It’s been some time since Motorola introduced their ‘One’ range of phones, focusing on individual specs like the One Power with a big battery and the One Zoom, with, surprise, a big zoom. The latest release is the Moto One Macro, with a camera that can focus on objects at a mere 2cm range.
Hardware and Design
Motorola has priced the One Macro at $299 in Australia, which nets you a Mediatek Helio P70 processor, 4GB of RAM and 64GB of on-board storage which can be expanded with microSD cards.
Performance wise, the One Macro does pretty well. The Mediatek processor struggles somewhat with animations and transitions opening apps with a bit of stuttering, but you can still play games, watch movies and surf the web without large swathes of waiting or any choppy performance.
A generous 4,000mAh battery is included, as is a 10W rapid charger in the box. The battery got me through a whole day with some fairly impressive screen on times. Considering my fairly aggressive daily phone use which includes a load of YouTube and Pocket Casts and some pretty heavy internet surfing and gaming as well, the battery was frankly astounding.
For those times when I needed a top up though, the 10W charger is fairly decent, it would be nice to get a faster charger, but this does the job.
Up front you get a large 6.2” HD+ (1520×720) resolution display that includes a teardrop notch at the top which contains an 8MP selfie camera. The front has very thin bezels on the sides, and top with a bit of a chin down below to hide the connectors for the display – yep, that’s why we get chins on Android phones.
The display is fairly bright, though the auto-brightness isn’t as aggressive as I’d like when transitioning from dark to light areas and back again.
All the buttons on the Moto One Macro are on the right hand side with a power button sitting beneath the volume rocker, and on the left hand side you get the dual SIM/microSD tray. I personally found the placement of the volume rocker a bit high for one-handed use, but all the buttons have a good tactile click to them which I loved.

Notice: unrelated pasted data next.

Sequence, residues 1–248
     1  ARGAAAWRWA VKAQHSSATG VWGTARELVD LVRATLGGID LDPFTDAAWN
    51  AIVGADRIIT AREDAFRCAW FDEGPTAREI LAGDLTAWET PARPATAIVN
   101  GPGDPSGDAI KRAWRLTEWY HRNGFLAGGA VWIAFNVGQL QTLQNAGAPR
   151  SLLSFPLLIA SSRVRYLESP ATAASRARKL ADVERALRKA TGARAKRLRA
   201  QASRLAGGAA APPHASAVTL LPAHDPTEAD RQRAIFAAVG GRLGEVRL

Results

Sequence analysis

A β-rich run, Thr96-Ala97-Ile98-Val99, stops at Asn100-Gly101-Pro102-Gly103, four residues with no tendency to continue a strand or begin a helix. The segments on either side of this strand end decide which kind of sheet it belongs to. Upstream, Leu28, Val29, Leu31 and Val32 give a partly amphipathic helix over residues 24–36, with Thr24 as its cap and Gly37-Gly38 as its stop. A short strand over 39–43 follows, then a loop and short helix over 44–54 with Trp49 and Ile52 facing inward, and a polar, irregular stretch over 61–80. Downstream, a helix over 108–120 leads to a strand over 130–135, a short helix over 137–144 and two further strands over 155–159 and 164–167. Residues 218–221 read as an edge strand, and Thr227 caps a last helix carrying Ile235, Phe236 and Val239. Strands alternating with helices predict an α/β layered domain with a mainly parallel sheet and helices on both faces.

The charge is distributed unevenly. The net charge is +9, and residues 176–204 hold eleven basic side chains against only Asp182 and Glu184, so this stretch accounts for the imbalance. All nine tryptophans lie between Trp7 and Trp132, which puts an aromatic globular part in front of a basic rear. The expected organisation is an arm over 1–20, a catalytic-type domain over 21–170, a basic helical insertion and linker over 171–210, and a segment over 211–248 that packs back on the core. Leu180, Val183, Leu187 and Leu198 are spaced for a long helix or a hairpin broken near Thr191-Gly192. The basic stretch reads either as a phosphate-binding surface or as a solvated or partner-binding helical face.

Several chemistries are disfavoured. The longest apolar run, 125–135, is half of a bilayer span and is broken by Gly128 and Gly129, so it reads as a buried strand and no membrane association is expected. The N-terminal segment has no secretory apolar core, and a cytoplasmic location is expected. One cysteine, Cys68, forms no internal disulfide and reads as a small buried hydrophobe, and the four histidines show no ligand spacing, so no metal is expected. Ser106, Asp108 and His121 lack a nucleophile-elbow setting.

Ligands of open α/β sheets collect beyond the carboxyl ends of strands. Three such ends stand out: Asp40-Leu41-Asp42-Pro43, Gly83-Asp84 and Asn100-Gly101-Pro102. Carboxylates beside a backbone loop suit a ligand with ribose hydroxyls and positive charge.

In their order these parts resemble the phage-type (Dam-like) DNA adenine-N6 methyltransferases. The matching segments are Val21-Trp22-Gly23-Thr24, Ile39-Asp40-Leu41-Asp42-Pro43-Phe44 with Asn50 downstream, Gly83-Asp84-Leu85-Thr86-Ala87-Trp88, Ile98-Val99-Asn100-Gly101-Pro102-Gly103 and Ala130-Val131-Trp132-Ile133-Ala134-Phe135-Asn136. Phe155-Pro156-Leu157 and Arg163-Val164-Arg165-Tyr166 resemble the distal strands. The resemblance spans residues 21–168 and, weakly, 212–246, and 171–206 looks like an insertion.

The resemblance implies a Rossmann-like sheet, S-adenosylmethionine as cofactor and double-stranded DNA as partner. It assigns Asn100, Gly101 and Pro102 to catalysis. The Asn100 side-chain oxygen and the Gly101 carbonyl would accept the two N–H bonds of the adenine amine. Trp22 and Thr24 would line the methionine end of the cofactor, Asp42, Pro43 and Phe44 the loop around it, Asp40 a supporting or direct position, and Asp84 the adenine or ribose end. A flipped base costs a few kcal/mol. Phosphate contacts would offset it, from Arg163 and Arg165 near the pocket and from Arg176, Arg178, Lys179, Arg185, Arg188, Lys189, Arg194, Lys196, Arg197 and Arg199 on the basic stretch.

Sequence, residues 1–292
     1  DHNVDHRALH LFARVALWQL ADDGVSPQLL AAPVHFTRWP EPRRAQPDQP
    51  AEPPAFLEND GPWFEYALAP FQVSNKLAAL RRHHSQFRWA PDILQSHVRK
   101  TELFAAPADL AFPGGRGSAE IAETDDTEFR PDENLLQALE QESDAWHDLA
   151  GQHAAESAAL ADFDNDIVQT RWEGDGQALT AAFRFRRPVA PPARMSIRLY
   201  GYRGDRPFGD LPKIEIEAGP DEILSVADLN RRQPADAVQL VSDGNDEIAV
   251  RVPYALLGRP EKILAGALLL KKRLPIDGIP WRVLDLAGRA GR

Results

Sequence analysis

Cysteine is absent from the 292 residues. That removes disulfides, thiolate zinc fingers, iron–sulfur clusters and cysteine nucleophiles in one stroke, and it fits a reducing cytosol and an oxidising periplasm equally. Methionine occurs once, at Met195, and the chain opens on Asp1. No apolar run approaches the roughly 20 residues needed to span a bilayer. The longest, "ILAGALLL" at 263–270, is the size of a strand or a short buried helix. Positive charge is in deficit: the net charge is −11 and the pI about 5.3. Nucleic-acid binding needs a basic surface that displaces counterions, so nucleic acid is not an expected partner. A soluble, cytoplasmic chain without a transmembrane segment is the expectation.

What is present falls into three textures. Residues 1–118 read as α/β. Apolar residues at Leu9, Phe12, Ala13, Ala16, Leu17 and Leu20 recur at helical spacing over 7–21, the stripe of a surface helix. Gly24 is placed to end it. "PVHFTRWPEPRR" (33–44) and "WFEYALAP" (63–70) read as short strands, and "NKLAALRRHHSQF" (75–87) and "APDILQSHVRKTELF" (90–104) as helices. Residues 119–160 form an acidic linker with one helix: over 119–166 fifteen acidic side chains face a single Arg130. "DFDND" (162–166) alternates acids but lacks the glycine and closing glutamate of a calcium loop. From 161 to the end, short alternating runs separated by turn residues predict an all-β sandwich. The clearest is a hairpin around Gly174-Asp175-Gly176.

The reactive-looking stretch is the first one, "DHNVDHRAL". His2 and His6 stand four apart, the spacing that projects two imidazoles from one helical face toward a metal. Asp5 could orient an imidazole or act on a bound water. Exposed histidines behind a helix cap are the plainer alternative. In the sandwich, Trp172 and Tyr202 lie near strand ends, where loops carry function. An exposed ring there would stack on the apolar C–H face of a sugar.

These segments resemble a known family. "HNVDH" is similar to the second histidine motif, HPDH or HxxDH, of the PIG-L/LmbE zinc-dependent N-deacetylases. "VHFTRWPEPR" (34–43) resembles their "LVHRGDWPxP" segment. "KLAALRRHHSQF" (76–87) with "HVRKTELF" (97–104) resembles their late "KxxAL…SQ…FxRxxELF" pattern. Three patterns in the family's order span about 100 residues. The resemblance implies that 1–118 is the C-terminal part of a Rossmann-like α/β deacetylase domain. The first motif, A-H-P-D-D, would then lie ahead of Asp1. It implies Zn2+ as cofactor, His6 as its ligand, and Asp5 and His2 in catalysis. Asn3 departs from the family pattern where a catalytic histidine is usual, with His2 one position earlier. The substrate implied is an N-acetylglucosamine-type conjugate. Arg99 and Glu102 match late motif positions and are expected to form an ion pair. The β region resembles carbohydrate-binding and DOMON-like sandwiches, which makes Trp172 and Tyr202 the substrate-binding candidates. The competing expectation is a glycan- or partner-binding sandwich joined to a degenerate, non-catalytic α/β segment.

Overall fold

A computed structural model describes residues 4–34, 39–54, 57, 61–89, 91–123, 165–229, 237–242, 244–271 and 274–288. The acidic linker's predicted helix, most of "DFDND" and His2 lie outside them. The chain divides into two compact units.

The USB-C port on the base is centre aligned, with a single speaker port to the right. You DO get a headphone jack at the top of the One Macro, so it can tick that box and there’s an FM radio included as well.
The rear of the phone looks lovely in the Space Blue colouring Motorola sent over for the review. The rear can be a bit of a fingerprint magnet, a nd given there’s no Gorilla Glass on the phone so finding an included TPU case in the box which will give afford you some protection is a big plus.
A centre-mounted fingerprint scanner with the Motorola Batwing logo emblazoned on it gets you access to your phone quickly and efficiently.
The phone itself only carries an IPX2 rating, so best not to get this phone wet, though it will repel water so if you happen to use it in the rain or with damp hands you’ll be ok.
The Ultra-Violet option looks like a nice option if you want to stand out though, so consider that when purchasing.
There’s one last thing to say on the hardware side and that is that the phone lacks NFC, so no Tap & Pay is available on the One Macro.
On the rear is of course the camera array which includes the 2MP dedicated Macro lens standing alone from the rest of the camera sensors at the top. Underneath is a 13MP main sensor with an f/2.0 aperture, a 2MP depth sensor and a laser auto-focus sensor with an LED flash.